Leaders who must have their hand in everything, who reserve all major decisions solely as theirs to make, and who operate with the attitude that their knowledge and experience translate into right decisions are not leading; they are ruling.

I head up an organization with 130 staff. I see leadership everywhere. I see it because I look for it. I ask for it and I listen to it. Much of what becomes organizational strategy for us can be sourced to strategy conversations with all of my staff.  I am blessed to have many stellar young leaders working with me. They don’t always make the same decisions I would; but more times than not the decisions they do make are solid and worthy of implementation.

Sure I still make decisions. And of course, not all of my staff nod affirmations like bobble heads on a dashboard. In the end, corralled leadership is weak and creates vulnerabilities in an organization or a community. This corralling effect is commonplace. It’s why people working for the minimum wage are not sitting on task forces reviewing the minimum wage. It’s why we don’t include the homeless in the design of supportive housing developments.  It’s why a single mother living in poverty does not sit on the school board.

Shared leadership, collaborative leadership, experiential leadership, and so forth – all of this is needed. Everyone can lead, each of us in our own way, to the best of our abilities if we make it so. It’s not easy. Sometimes I feel things would go quicker or be better if I just stepped in with a CEO decree. But leadership is about so much more than a decision or a single event. The expression of leadership is richest I believe when it instils leadership in others, draws it out, supports it, and engages it authentically.

8. We need to stop devaluing our own work.

I don’t care what we call it – non-profit sector, voluntary sector, third sector, or community sector  but we need to stop acquiescing  to the inadequate funding of the sector’s infrastructure, of the people who do the work most others won’t do, or can’t. We need to stop ourselves from positioning our work as “cheap to do” and we need to speak up when politicians translate under resourcing into praise for the cost-effectiveness of the sector.

We need to stop apologizing for caring about people and we need to stop buying into the bias that our sector needs to be more like the business sector. Perhaps it should be the other way around. We need to strive for some collective impact around sector compensation, about governments fully funding the services they contract our sector to do. Clearly the government doesn’t partially fund its own activities and I imagine many programs that benefit big business are aptly resourced.

Our work is important. It matters.  Our people work hard.  They have expertise and know-how that folks from other sectors do not have.  There are still too many non-profits that don’t provide any benefits to their staff because their boards believe their jobs should be an act of charity.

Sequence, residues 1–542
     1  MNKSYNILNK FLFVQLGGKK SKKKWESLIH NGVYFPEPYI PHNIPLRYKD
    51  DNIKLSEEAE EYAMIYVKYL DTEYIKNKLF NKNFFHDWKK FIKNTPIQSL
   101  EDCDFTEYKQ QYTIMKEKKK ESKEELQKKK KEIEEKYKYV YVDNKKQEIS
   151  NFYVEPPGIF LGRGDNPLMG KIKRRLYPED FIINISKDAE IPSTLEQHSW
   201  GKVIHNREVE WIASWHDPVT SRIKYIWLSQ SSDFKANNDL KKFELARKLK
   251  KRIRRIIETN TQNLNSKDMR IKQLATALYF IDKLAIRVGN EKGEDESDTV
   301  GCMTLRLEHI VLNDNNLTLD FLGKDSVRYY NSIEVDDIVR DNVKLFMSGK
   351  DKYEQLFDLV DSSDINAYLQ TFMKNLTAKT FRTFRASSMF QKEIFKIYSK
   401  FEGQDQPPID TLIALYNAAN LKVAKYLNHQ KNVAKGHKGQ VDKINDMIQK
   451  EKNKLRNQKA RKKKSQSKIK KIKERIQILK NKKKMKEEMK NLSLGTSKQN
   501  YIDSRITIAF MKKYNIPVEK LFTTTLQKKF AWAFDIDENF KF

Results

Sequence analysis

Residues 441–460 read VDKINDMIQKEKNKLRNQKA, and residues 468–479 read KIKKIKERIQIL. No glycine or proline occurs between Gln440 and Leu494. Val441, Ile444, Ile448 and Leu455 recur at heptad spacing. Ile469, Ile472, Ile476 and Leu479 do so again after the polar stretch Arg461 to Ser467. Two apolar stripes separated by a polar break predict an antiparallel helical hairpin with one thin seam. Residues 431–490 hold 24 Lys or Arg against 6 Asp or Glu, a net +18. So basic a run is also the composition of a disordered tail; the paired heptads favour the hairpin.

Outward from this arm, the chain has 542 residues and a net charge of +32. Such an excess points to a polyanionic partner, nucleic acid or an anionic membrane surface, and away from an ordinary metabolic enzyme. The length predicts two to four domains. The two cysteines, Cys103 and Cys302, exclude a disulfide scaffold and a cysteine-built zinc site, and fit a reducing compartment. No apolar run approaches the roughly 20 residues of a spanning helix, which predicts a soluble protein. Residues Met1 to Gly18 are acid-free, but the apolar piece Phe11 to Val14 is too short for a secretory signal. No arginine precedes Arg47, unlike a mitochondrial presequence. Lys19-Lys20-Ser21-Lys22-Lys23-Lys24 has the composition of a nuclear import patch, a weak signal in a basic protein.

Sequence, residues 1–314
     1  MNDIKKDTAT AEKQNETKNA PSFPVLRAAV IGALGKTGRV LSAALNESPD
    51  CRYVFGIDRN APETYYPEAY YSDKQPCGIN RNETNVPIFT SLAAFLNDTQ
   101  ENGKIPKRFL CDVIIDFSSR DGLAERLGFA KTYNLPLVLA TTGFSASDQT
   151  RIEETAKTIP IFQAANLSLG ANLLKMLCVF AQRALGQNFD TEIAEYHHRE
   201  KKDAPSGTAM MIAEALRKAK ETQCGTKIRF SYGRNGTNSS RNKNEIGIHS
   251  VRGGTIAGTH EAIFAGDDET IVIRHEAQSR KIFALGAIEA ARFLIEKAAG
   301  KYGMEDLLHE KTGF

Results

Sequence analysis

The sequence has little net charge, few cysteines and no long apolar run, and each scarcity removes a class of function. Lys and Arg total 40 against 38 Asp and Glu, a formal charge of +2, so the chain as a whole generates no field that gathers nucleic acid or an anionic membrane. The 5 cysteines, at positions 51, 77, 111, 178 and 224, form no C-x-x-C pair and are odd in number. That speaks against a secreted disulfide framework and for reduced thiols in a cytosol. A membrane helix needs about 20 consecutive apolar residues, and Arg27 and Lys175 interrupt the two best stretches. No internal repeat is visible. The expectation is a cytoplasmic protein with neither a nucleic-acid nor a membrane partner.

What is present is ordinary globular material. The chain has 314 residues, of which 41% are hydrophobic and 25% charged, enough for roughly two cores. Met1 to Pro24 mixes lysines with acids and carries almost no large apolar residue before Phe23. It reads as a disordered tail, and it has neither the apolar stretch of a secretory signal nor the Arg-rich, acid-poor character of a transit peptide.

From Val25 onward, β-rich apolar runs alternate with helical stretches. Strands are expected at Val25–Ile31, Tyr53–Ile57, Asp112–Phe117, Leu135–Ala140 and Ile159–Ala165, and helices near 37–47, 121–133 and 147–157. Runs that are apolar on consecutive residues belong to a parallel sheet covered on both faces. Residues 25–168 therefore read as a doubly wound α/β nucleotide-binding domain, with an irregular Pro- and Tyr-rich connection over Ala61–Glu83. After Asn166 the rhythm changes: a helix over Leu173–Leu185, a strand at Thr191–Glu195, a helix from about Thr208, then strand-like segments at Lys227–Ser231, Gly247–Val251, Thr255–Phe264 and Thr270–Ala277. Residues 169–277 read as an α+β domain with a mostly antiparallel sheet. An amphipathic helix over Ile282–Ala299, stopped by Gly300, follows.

While people likely don’t choose non-profit sector employment to reap  big bucks, they deserve appropriate compensation and recognition.  Our organizations need to stop agreeing to do more work than they are being paid to do. Often our fear is that if we speak out about a thinly funded contract, another agency will step in and take the work away from us. I get that, but perhaps we need to work together  to ensure none of our organizations are serving as the “cheapest” alternative.

9. We need to stop saying there isn’t enough money to fund needed services.

There is a lot of money in Canada, at all levels of government, to support needed services.  The question is not is there enough money; the question is about the choices we want to make as a community. In Edmonton, city funding of human services has been flat for years. Same with United Way. The Province is freezing a lot, not all, of their investments in social programs. Often the reason why is: “we don’t have the money.”  The more accurate reason is that funders are making decisions about how they spend their money and that is what requires more community conversation. Perhaps we need different decisions.

This doesn’t mean that we should keep funding everything we do today plus more for tomorrow. Funds need to shift as needs and aspirations shift. Ineffectual programs should give way to better ones. Leaders of human service organizations should look at how to reorganize work and spending, explore new or changed ways to deliver better results with the money they have to work with.

It is rare we just stop doing something. More often, we stop something in order to start something better. That’s the point of this piece. I focused on what we need to stop doing in order to push our thinking about our dependence on the status quo and our tendency – yours and mine – to allow ourselves to be, as Keb ‘Mo sings, “A Victim of Comfort.”

Like much of what I write, I hope to stir thinking and conversation focused on making collective change. I hope I have achieved that.